Sunday, May 6, 2007

Just Minding My Own Business

That's what I was doing - just minding my own business one day. I was dropping off some old clothes to the local Goodwill glad to finally get some clutter out of the house and happy to be able to cross another thing off my to do list. I was in my car pulling out of the parking lot when a middle-aged Caucasian woman motions to me that she wants me to stop to say something to me. Curious, I stopped and rolled down my window. She then says rather abruptly, "Yeah, hi, are you the one that's here to open up LA Nails?" Barely a hello, no recognition that she was interrupting me, and no explanation of why she asked what she did.

I was confused and thrown off guard for a moment, my brain was unable to process what it was that she was asking me. I had thought she was about to ask for directions or something and it took me a moment to register what was happening. It dawned on me that she thought that I was there to open up the nail salon.

She thought I was the manicurist.

I imagined how it probably happened - She had come, was disappointed that the shop was not open as it should have been, was about to leave, saw me and thought that she would be able to get her $10 manicure after all. I didn't understand why she would have thought that until I realized that it was because I was Asian American. I told her no and drove away sad that her main concept of an Asian American woman seemed to be limited to someone that does her nails.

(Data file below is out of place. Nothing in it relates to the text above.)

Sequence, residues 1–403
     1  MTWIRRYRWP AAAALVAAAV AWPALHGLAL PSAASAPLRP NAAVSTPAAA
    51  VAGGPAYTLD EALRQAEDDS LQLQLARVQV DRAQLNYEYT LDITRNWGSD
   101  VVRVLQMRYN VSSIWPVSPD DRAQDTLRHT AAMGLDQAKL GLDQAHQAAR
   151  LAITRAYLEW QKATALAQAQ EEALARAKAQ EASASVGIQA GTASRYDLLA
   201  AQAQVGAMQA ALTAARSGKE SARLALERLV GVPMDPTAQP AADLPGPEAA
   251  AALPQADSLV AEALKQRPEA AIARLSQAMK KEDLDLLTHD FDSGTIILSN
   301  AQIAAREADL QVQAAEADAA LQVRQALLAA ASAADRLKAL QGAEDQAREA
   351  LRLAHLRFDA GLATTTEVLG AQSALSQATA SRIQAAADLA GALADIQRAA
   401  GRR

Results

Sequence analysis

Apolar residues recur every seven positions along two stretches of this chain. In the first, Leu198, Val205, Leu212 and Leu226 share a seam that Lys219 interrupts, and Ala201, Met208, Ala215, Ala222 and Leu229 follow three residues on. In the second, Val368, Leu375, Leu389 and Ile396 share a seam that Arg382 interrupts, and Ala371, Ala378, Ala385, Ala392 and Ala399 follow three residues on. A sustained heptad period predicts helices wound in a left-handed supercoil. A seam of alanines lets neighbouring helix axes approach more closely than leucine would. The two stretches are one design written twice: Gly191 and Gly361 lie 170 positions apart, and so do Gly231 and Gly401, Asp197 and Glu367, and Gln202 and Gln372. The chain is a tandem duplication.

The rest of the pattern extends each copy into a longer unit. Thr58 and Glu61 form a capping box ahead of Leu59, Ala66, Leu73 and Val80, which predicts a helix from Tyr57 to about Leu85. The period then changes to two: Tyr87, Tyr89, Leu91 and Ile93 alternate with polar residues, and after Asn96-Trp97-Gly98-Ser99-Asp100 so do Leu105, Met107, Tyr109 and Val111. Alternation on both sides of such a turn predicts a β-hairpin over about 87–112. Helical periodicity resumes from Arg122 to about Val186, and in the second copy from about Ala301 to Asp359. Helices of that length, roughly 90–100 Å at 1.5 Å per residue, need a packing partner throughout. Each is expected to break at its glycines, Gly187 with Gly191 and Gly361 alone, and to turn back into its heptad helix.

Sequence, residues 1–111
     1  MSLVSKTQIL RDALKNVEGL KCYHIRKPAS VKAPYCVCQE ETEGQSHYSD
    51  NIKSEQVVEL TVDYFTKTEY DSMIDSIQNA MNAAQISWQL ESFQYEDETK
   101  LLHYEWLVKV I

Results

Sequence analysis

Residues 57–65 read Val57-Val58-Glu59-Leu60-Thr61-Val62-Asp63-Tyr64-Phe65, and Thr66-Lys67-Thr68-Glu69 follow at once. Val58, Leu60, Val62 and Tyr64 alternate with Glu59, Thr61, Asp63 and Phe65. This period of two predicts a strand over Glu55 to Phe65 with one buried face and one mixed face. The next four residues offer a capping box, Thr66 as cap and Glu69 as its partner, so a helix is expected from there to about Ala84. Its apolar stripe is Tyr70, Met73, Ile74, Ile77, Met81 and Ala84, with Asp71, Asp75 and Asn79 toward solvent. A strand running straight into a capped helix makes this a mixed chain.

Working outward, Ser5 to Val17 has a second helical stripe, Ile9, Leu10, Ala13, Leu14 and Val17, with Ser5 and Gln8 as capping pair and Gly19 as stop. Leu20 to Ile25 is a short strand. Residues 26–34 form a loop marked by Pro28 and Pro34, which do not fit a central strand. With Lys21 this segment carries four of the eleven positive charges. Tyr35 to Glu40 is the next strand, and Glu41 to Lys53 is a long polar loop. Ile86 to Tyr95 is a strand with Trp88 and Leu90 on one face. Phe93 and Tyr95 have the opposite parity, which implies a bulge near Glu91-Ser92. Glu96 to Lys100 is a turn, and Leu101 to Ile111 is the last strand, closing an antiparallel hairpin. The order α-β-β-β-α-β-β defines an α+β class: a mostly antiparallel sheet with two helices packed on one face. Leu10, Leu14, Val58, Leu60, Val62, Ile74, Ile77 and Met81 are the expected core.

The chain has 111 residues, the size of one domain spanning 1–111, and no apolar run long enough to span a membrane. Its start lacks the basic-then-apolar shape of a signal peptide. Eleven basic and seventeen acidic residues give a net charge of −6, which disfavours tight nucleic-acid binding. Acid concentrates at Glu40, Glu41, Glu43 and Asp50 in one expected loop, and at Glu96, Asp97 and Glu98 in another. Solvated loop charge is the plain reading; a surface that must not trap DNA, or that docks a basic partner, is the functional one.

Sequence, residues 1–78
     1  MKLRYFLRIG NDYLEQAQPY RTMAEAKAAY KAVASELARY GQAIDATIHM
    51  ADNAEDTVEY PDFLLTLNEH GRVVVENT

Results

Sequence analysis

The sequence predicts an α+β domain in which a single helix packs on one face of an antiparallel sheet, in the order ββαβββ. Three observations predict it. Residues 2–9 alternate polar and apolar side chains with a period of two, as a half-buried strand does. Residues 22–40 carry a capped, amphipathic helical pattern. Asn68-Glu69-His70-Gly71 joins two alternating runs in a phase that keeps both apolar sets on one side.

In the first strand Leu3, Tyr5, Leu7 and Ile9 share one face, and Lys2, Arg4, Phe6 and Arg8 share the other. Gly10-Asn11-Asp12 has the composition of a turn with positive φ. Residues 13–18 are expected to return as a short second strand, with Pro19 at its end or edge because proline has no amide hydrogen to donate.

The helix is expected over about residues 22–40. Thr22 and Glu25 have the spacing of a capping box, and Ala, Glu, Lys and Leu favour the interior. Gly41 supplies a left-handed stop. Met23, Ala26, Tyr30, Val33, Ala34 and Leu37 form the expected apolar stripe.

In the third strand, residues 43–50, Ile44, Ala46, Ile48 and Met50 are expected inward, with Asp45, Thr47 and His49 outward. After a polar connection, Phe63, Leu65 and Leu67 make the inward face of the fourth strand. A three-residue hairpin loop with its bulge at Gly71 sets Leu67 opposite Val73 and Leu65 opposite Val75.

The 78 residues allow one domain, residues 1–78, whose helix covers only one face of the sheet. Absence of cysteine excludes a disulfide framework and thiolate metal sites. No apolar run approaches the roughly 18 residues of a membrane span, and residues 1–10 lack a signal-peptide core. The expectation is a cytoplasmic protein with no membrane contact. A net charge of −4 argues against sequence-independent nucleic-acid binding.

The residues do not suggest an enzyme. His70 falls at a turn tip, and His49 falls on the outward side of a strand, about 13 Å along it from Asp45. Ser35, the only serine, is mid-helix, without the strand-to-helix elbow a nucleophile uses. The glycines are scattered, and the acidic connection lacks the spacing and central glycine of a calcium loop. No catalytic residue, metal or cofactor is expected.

It bothered me not because there's shame in working in a nail shop. But rather it bothered me because I felt like I wasn't really there. I am a whole person - with likes and dislikes, connections and relationships to other people, a history and a story. But all she saw was someone that looks like the person who does her nails. I guess that's the sting of a stereotype - it reduces you to such a small silver of who you really are. Like all Asians are good at math. Maybe you are, maybe you aren't. But even so, there's so much more to you than that. When others don't see that or interact with you that way, it just serves as a reminder of how much distance there is left to go.


Reyes-Chow said...

Damn, that sucks. Not much more of an eloquent response can be offered. Sad that these kinds of things are still not too much of a surprise.

Scot McKnight said...


We almost walked down your way tonight and we would have stopped by to say hello.

Eugene said...

Geez. I love it when stuff like that happens.

Tracey Gee said...

It was interesting because I was angry at first. But later on I mostly just felt sad that we live in a world where there is so much distance between people that all we can see are stereotypes and caricatures of others. It seems so hard to really know people and have depth in relationships across all kinds of different barriers including ethnic ones.